To be sure, there are settings in which courts have been historically reticent to engage in difficult probabilistic assessments. For example, the anticipatory nuisance doctrine generally bars nuisance suits until it can be alleged that a nuisance actually exists. (201) Courts are also often reluctant to award damages for lost profits in contracts cases on the grounds that they are speculative. (202) Still, even if courts sometimes refrain from probabilistic damage calculations, they often do award probabilistic damages. (203) Moreover, the calculation required to determine whether there is standing need not be as precise as it often must be in other contexts--to set damages, for example. In any event, my overarching point is not that courts embrace all opportunities to engage in probabilistic calculations, only that they do so--and are quite capable of doing so--in many circumstances.

For purposes of exploring expected value, I do not suggest any kind of complex arithmetic. In most cases, the central issues will be straightforward. In addition, the calculations will often not have to be precise (204); all that a court must analyze is whether there is a positive expected value, not the exact amount. (205) For these reasons, the issue of judicial competence does not seem to be a serious problem.

B. Does Expected Value-Based Standing Extend Standing Doctrine Too Far Beyond Its Existing Constitutional Moorings?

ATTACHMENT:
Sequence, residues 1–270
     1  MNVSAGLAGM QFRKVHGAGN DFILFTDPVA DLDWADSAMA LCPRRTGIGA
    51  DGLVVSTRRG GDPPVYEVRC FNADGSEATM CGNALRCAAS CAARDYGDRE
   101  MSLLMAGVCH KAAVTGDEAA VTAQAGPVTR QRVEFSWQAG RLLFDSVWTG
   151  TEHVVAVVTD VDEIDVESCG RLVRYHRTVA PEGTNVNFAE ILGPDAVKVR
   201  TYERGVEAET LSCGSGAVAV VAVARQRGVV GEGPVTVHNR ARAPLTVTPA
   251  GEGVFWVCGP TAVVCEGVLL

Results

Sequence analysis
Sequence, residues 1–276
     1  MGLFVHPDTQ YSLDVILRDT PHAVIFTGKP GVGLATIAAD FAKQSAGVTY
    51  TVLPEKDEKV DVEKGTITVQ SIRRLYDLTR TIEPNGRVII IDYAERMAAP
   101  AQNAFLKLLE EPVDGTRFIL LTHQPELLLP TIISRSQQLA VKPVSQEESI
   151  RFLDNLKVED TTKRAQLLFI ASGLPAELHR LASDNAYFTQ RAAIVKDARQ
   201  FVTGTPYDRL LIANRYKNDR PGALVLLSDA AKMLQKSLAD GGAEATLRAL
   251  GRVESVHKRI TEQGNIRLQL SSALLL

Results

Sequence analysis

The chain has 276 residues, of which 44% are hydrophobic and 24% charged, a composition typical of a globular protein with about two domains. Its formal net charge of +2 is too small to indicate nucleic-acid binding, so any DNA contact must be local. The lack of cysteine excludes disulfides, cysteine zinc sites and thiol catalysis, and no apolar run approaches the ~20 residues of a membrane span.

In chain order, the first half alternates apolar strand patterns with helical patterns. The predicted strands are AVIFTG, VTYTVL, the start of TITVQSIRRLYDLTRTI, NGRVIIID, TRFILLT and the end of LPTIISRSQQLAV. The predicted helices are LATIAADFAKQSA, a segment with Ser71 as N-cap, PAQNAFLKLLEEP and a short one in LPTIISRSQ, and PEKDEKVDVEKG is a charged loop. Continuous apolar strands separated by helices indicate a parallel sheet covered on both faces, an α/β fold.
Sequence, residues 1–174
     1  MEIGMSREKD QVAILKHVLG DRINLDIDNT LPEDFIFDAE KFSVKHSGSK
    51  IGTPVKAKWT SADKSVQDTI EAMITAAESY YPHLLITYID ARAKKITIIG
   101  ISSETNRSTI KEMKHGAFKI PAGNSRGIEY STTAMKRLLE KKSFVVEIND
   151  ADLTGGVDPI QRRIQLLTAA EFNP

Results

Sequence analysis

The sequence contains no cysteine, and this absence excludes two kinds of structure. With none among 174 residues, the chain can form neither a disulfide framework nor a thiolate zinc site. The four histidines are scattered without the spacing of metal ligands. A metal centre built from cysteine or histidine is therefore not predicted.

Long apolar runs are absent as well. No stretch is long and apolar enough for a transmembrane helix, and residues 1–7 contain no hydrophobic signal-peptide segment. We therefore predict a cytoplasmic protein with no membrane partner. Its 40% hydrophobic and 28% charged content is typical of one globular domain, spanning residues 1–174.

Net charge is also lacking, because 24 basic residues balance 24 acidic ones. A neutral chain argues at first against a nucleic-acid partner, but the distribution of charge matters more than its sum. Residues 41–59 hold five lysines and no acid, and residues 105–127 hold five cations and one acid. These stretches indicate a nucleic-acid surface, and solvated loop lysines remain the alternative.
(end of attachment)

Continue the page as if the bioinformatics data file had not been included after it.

Is expected value-based standing consistent with existing constitutional doctrine? Some people might be skeptical. (206) My defense of expected value-based standing proceeds in two basic steps. I first respond to the argument that expected value-based standing is inconsistent with the requirements that the Supreme Court has identified for standing--and, in particular, that it calls for recognizing injuries that do not satisfy the existing "injury in fact" requirements. Second, I bolster my argument by demonstrating that my proposal for expected value-based standing would not fundamentally alter most of existing standing doctrine. To do this, I show first that existing law recognizes (if implicitly) various forms of standing based on probabilistic analysis. I also ground the consistency of expected value-based standing with existing law by arguing that injuries in cases of expected value-based standing are often felt, in various ways, in the present. (207)

I begin by observing that the Supreme Court has left open the validity of probabilistic standing. (208) Indeed, although it has never recognized it formally, the Court has from time to time acquiesced in the notion of probabilistic standing. (209) Next, I recall the discussion above in Section II.C to the effect that injury as conceived under expected value-based standing meets the traditional requirements for "injury in fact." Only if the expected value of the probabilistic injury is sufficiently concrete will there be expected value-based standing. Having established that the existing understanding of "injury in fact" is broad enough to encompass injuries in cases of probabilistic harm, I turn to points that bolster that conclusion. First, there are existing standing doctrines that rely, if implicitly, on probabilistic analysis. Second, the injury in many cases of expected value-based standing can be felt in the present.